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Apache Cat won 19 races and $4.5 million on the track, but it is his immense popularity off it that has elevated the extravagantly marked chestnut to become the (baldy) “face of Australian racing”.
That an eight-time Group 1 winning thoroughbred would be most revered for his exploits off the track goes some way to explaining the unique celebrity of Apache Cat.
But before he wowed the general public with his striking appearance and outgoing personality, Apache Cat was thrilling racing fans with a lethal combination of speed and tenacity.
Prepared by Cranbourne trainer and former Olympic equestrian rider Greg Eurell, this son of Lion Cavern was both fast and tough.
Apache Cat would remarkably never race at a provincial track during his 43-start career, debuting with a win at Sandown Lakeside and only competing out of stakes company on one other occasion.
A win over the Flemington mile at just his third start in the 2005 Listed Gibson Carmichael Stakes infamously attracted the attention of a Hong Kong buyer and an almost half-million dollar offer.
With the vet checks passed and all in readiness, the owner-to-be became aware of Apache Cat’s unique colouration after watching a video of the horse in action and deemed the white markings ‘unlucky’, so calling off the sale at the eleventh hour.
It didn’t take long for that decision to bite, with Apache Cat returning to that Flemington mile to take out the Group 1 Australian Guineas the following year.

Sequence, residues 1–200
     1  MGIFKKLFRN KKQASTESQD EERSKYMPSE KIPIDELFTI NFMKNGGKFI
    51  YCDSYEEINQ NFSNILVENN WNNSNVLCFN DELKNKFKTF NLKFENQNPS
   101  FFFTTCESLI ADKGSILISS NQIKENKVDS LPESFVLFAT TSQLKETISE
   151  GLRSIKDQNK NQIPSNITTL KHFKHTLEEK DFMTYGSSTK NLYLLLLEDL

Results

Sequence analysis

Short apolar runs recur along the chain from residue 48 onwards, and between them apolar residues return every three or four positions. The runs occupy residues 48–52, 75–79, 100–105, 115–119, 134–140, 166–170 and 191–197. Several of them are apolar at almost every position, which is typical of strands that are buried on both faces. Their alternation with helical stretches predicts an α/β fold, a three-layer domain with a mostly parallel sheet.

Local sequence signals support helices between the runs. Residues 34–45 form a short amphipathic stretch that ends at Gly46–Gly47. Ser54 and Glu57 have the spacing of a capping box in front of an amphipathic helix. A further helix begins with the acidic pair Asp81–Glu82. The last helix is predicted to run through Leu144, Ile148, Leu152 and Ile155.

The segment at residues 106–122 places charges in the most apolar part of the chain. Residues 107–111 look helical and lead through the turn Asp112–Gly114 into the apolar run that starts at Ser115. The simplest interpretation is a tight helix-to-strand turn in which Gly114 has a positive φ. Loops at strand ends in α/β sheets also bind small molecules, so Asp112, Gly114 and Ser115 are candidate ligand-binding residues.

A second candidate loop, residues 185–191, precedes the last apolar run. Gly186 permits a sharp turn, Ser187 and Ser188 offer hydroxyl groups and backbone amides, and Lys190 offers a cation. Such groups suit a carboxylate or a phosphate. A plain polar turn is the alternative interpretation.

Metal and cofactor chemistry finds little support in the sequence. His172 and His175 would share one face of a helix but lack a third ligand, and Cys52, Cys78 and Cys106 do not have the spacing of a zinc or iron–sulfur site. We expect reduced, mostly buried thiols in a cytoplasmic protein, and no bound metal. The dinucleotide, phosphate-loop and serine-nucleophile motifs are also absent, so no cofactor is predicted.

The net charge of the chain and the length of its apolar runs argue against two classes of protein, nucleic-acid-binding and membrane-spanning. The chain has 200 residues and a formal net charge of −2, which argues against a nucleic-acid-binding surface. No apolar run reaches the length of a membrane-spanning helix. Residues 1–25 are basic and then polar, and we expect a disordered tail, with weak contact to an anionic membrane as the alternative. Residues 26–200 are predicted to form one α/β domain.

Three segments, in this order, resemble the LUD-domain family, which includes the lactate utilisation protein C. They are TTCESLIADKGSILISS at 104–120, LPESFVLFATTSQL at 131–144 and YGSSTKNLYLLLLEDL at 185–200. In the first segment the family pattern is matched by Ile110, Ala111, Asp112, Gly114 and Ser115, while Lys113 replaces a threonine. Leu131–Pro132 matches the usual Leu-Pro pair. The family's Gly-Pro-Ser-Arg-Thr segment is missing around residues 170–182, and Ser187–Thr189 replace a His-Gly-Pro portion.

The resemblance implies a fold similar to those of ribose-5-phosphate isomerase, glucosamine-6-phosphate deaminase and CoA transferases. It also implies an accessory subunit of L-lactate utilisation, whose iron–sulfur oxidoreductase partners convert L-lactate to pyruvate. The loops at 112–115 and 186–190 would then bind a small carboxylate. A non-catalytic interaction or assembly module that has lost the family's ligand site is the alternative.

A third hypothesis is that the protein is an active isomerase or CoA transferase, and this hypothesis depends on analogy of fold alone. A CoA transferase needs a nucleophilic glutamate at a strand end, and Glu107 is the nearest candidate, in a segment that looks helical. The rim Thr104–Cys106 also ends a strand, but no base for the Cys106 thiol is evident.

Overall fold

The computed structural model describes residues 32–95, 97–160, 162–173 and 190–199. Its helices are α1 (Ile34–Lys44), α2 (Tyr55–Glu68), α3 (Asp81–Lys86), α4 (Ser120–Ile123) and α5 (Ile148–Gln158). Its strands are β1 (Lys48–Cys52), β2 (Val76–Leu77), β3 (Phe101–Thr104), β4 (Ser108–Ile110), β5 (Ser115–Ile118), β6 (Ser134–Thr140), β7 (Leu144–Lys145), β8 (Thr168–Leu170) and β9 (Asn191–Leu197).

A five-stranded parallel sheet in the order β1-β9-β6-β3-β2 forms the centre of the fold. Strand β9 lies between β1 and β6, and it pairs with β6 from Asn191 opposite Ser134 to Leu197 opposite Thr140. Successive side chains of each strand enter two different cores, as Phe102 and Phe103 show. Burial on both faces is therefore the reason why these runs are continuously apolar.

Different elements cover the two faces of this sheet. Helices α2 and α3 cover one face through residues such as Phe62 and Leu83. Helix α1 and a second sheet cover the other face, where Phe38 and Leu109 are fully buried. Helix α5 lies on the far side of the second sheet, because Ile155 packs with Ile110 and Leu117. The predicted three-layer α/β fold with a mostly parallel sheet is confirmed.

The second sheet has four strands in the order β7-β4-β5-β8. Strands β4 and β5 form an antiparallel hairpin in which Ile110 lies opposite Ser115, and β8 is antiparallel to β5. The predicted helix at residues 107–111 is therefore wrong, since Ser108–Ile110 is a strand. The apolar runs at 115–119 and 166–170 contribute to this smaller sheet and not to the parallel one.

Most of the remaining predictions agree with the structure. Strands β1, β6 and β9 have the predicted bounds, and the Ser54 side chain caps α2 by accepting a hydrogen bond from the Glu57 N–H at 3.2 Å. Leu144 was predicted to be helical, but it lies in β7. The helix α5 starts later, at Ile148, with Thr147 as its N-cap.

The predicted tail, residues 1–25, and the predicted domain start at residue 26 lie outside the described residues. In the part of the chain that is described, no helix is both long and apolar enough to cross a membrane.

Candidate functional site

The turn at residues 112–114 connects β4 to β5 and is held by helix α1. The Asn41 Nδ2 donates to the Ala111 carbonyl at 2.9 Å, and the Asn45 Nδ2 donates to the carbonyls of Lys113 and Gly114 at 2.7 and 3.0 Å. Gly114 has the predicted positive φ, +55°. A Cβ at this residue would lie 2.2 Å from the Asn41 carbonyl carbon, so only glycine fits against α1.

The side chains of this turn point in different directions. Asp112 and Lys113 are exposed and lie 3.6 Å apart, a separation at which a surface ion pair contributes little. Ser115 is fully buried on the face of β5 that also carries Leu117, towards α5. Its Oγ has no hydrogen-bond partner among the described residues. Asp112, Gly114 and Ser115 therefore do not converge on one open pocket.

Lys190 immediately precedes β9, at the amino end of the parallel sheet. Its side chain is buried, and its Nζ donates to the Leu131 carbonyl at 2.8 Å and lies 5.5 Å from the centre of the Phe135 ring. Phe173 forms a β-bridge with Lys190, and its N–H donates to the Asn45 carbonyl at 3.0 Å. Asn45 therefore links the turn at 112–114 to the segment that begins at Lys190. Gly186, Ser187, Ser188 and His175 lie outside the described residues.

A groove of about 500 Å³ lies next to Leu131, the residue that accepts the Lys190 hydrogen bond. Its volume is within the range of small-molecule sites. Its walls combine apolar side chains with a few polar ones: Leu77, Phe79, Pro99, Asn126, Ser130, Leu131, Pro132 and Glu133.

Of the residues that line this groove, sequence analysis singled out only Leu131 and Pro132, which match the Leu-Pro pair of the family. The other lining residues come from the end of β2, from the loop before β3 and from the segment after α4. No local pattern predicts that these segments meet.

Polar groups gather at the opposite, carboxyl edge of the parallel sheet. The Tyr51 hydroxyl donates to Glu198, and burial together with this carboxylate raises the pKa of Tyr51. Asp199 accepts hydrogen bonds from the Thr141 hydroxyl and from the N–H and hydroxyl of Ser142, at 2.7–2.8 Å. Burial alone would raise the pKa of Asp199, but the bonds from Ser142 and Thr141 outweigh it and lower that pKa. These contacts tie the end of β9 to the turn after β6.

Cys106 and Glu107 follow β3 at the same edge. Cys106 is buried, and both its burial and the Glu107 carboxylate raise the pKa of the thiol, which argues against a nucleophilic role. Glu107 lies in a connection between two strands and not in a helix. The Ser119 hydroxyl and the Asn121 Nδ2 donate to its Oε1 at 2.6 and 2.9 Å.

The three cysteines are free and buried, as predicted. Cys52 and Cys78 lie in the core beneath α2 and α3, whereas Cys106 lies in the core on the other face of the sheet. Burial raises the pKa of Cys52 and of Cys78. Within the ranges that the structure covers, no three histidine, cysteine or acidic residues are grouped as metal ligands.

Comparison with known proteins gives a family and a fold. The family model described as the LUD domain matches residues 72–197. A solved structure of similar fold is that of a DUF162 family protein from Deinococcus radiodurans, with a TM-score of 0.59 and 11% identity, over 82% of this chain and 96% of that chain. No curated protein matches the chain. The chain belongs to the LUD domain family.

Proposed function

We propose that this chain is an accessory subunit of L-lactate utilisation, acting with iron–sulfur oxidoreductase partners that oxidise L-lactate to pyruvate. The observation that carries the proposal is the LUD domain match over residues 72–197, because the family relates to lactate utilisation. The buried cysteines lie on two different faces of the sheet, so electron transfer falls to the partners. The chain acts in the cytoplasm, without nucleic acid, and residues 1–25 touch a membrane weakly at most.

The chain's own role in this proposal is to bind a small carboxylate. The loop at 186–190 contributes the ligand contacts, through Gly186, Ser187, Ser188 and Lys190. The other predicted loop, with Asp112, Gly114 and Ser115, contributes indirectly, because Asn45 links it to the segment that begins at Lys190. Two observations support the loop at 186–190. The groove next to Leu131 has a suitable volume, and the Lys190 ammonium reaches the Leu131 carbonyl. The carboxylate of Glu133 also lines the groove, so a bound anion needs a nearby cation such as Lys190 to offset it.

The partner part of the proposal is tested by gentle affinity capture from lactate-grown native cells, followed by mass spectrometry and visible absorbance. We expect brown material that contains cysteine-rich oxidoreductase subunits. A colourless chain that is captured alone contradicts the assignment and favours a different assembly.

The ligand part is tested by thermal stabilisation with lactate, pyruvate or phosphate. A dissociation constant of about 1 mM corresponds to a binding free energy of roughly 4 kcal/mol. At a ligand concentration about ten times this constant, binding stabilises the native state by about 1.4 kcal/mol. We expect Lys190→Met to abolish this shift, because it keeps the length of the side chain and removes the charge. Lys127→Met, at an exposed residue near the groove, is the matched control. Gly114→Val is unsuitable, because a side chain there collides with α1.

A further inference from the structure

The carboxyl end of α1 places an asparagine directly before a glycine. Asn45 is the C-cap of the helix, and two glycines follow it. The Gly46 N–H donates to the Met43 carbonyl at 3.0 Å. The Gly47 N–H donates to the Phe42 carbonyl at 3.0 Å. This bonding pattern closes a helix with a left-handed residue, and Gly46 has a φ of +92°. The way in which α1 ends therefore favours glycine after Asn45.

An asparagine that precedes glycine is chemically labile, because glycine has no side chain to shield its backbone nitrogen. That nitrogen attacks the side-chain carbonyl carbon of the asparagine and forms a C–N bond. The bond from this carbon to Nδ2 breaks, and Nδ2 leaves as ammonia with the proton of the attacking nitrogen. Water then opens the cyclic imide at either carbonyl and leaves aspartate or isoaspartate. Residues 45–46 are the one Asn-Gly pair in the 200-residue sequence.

Though successful at 1600 metres and even contesting a Cox Plate in 2006, as Apache Cat aged he began to present more as a pure sprinter.
The dashing chestnut cut a swathe through the autumn and winter carnivals of 2008, reeling off five-straight Group 1 wins as he claimed the Lightning Stakes, Australia Stakes, TJ Smith Stakes, BTC Cup and what would be the first of back-to-back Doomben 10,000 (he also went back-to-back in the Australia Stakes the following year).
Finishing a close-up third as the $1.90 favourite in the 2008 Hong Kong Sprint, Apache Cat would race for the last time in the same fixture in 2009, fracturing a sesamoid bone when seventh behind Sacred Kingdom on International Day.
“He had his last race in Hong Kong and popped a sesamoid, that’s how he came to us, but he needed to be on a graduated exercise plan, so we put him in a small paddock and let him start to run around a bit,” said Andrew Clarke, CEO of Living Legends, a retirement home for former racehorses located in Greenvale, some 21 kilometres outside the Melbourne CBD.
It quickly became apparent to Clarke, a founding Living Legends board member and self-described “worn-out old vet loving life with some worn-out old horses”, that Apache Cat’s frequent trips to the winner’s enclosure had created a thoroughbred with a fairly healthy opinion of himself.
“We paraded him once up at Doomben, he was walking along the straight and looking at himself on the big screen, it’s almost like he was admiring himself thinking ‘gee that’s a good looking bloke up there’,” Clarke told Asian Racing Report.
‘Patch’, as he is affectionately known at the farm, quickly proved particular in terms of who he shared a paddock with.